Can you explain in a little more detail how the incentives offered Amazon will work and be paid for? They’ve come under a fair bit of scrutiny.

The vast majority of the local incentives (97%) are investments in Arlington and Alexandria on things like transportation and public infrastructure. The small portion of the total that are payouts won’t be funded by homeowners or small businesses. Instead, that money will come from growth in the transient occupancy tax (TOT), which is a tax paid by visitors staying in our hotels. This is not a tax rate increase. The money for the incentives will come from a percentage of the growth in TOT revenue over the 15-year performance period, which will be generated by an increase in hotel guest room revenue. Amazon drives a great deal of hotel spending in Seattle. Our hoteliers and the broader community anticipate similar results here.

The Amazon announcement is still pretty recent. Have you seen an increase in other companies inquiring about moving into our region?

Yes—within a week of the announcement a small data tech company based in California reached out to us and said they were going to open a location in Arlington because of Amazon. We are really growing as a tech hub, which is putting us in the national spotlight. We have a joke with Arlington Economic Development that people in other parts of the country used to assume we were talking about Arlington, Texas. Now, they know exactly which Arlington we are talking about.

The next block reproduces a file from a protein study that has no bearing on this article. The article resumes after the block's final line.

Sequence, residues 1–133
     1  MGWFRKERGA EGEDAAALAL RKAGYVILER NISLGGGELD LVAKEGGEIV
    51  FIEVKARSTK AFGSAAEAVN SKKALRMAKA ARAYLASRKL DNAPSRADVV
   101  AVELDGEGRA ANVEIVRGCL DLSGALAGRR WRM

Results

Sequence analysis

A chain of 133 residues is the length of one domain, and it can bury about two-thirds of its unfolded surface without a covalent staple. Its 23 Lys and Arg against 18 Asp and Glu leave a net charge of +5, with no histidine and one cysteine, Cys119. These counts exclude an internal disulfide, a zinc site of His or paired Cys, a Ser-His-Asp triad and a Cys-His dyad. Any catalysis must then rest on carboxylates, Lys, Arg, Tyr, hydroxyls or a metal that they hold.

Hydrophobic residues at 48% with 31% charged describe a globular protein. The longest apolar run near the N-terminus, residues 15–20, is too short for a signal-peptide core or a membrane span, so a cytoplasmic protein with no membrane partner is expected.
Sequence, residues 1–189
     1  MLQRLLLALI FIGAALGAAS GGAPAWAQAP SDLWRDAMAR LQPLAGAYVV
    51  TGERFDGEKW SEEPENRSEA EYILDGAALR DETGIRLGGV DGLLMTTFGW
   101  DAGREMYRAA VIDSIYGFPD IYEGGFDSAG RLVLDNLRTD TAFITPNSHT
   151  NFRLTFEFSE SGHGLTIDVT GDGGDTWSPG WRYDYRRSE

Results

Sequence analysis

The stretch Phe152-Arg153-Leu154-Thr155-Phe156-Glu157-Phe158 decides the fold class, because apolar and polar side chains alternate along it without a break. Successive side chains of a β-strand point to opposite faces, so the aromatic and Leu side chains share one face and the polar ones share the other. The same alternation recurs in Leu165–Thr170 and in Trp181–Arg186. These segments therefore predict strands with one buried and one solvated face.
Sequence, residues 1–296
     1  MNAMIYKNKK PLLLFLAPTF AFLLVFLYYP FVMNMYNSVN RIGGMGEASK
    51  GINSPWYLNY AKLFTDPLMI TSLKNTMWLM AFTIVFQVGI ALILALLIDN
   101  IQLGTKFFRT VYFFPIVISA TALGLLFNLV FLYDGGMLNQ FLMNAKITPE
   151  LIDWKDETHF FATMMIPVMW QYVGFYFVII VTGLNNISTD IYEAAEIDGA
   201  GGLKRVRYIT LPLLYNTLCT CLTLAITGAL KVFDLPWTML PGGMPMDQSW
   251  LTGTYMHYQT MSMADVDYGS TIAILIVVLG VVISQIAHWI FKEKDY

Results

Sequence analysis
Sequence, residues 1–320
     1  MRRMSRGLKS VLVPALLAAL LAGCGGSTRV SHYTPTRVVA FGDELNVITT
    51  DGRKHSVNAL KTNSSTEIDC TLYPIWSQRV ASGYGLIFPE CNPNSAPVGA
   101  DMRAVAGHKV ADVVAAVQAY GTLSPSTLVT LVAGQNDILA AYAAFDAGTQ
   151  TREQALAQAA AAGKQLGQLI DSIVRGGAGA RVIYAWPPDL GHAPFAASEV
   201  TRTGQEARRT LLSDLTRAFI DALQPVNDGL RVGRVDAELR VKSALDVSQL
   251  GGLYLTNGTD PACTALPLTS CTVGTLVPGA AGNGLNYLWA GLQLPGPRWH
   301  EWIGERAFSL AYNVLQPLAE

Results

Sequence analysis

Does Arlington stand to gain even more now that Amazon may be pulling out of New York? Any idea whether this could mean additional jobs and a greater Amazon presence in Virginia?

The Chamber does not have any insight into Amazon’s New York plans beyond what we have read in the public media. Right now our focus is on the performance agreement released in November. We are thrilled that the Commonwealth has passed the legislation with Amazon’s incentive package, and we look to the County Board to adopt the local incentives in March. The Chamber welcomes all businesses looking to expand in Arlington.

What is the Arlington Chamber of Commerce? Who do you represent?

Our mission is to strengthen the economic environment for those who live, work and do business in Arlington. We serve our members in four key areas: networking and business development, community engagement, educational/professional development and advocacy. We have more than 750 dues-paying members. They include large businesses, like Amazon, Nestlé and The Boeing Company, hundreds of medium-sized and small businesses, and more than 100 local nonprofits. That’s who we represent, and our work supports the broader business community as well. We are a 501(c)(6) organization, so we are completely independent. We are not part of the county government, though we work very closely with them.